A GOLDEN Generation from Belgium sounds like a strong and expensive bottled beer served up in trendy bars.
But this is the label currently being attached to the country’s young and exciting football team who face England at Wembley this Saturday, the final game before Roy Hodgson’s squad departs for the European Championships.
And it is a description, according to Sunderland goalkeeper Simon Mignolet, who should start for his country, that he and his team-mates are more than comfortable living with.
England supporters are, of course, perfectly positioned to warn their Belgian counterparts about placing too much faith in any so-called golden generation.
However, there is something happening right now to Belgian football, which has been dormant for a decade, and England’s best will be seriously tested this weekend by a group of players many say have the potential of becoming one of Europe’s best international sides.
Mignolet was just a young fan at 13 when he suffered heartbreak as eventual winners Brazil knocked his country out of the 2002 World Cup.
That was a travesty for the Belgians because talisman Marc Wilmots, currently their caretaker manager, scored what was a perfectly legal first-half goal which would have made it 1-0 in their last-16 match, only for it to be disallowed for reasons that even today are unclear.
Brazil went on to win 2-0.
That was the last time Belgium qualified for a major championship and are absent once again this summer. Stadium of Light favourite Mignolet believes things are about to change.
Mignolet said: “We have a really decent team, a really decent squad. The problem for us has been that we’ve not converted all that talent into results.
“We really should have qualified for the Euros with all the quality we have in the squad (they finished third behind Turkey and Germany). But we didn’t manage to do that. However, hopefully we can kick on and make sure we qualify for the next World Cup.
“The England game is an important one for us to help prepare for that campaign.
“We have not managed to qualify for the big tournaments for ten years, which is really disappointing because we should really have done that with the players we have had to call on.
“But things have changed and for the better. We have a lot of good, young players right now and that’s what football is about.
“These days you need start playing first-team football at a younger age, and all our guys play big competitions with the clubs.”
So who are these young players that will give England’s European Championship-bound stars a run for their money on Saturday? Let’s start with the superstar. Lille’s Eden Hazard is going to cost Chelsea – who he favours over the two Manchester clubs – £35m this summer; it will be money well spent. He is an incredible talent, two-footed, scores goals, makes goals and there is nobody better in the world at his age of 21.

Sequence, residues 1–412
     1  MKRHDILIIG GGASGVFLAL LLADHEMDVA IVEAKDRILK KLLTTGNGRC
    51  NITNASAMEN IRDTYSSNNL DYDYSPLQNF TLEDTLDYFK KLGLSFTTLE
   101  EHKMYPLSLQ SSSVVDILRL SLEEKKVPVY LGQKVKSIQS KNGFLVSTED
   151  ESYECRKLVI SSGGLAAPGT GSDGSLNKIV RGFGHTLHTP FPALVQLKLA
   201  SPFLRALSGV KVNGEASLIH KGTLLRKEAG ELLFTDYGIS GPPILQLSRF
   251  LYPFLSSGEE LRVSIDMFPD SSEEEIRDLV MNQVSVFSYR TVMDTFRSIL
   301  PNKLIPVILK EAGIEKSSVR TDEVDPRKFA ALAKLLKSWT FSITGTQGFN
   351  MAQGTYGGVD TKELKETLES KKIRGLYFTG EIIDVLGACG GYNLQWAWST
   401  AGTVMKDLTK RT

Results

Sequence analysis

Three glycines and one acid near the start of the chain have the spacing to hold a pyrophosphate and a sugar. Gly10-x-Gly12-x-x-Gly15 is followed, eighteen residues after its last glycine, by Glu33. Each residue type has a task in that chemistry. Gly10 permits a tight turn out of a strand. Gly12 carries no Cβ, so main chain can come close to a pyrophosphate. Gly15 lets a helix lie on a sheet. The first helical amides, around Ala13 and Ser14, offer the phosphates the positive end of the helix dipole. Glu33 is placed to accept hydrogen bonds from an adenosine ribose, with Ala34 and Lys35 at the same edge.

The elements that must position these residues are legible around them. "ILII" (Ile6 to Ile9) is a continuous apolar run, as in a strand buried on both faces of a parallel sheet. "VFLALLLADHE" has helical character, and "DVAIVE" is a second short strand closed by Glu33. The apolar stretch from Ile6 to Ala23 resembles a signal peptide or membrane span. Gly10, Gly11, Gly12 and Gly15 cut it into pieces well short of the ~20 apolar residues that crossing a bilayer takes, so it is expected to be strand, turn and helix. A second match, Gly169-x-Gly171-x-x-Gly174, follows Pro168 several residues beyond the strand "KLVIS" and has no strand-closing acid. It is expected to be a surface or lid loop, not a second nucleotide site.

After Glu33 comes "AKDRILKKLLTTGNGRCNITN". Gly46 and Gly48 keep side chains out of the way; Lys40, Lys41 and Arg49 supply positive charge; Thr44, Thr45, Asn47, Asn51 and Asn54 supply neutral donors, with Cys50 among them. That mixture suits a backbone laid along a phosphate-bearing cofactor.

Vincent Kompany was the best defender in the Premier League last season and while Arsenal’s Thomas Vermaelen can blow hot and cold, when on form he is a superb centre-half.
Kompany is not even the captain. That honours lies with Jan Vertonghen of Ajax, another defender or deep lying midfielder, who is on the verge of moving to Tottenham for £13m.
Axel Witsel at Benfica and Steven Defour with Porto were two of the best midfielders in the Portuguese league last season; a fully-fit Marouane Fellaini was superb for Everton, as was the silky Moussa Dembele for Fulham.
And while Romelu Lukaku failed to make the breakthrough at Chelsea following last summer’s £18m move from Anderlecht, at 19 he has plenty of time on his hands.
That’s a lot of money being paid for players from such a small country and Kompany, at 27 ,is the oldest on the list. Fellaini is next at 24.
Kompany said: “At City I am one of the youngest. With Belgium I am one of the oldest, which says it all. The entire squad is good and will only get better.”
In terms of Saturday’s game, this is both good and bad news for Hodgson.
This Belgian side will give England a proper test, vital for the new manager as he mulls over his XI to face France on June 11, but are more than capable of inflicting a morale-damaging defeat.
Mignolet said: “England is the big game for us and we’re taking it really seriously. It’s the one we have been looking forward to before the break. It’s a massive game for England as well.
“It will be their last before the Euros, and under a new manager, so all of the players will be trying to show they deserve to be in the team. They will be well up for it and so will we.
“For us, it will be about preparation for the qualifiers in September. We want to make sure we qualify for the World Cup in 2014. We are gearing up for that now. It will be a good match for us to help our preparation.”
And perhaps the real proof of the strength of Belgium football right now lies with their goalkeepers.
Mignolet himself was outstanding for Sunderland last season and for the moment is first-choice shot-stopper with Thibaut Courtois, a Chelsea player who has spent a year on loan at Atletico Madrid, breathing down his neck.
Courtois was outstanding in his the Spanish side’s 3-0 Europa League final win over Athletic Bilbao this month. He is just 20.
To put that into context of Saturday, England’s back-up keepers, Robert Green and Jack Butland, were both playing their football in the Championship last season.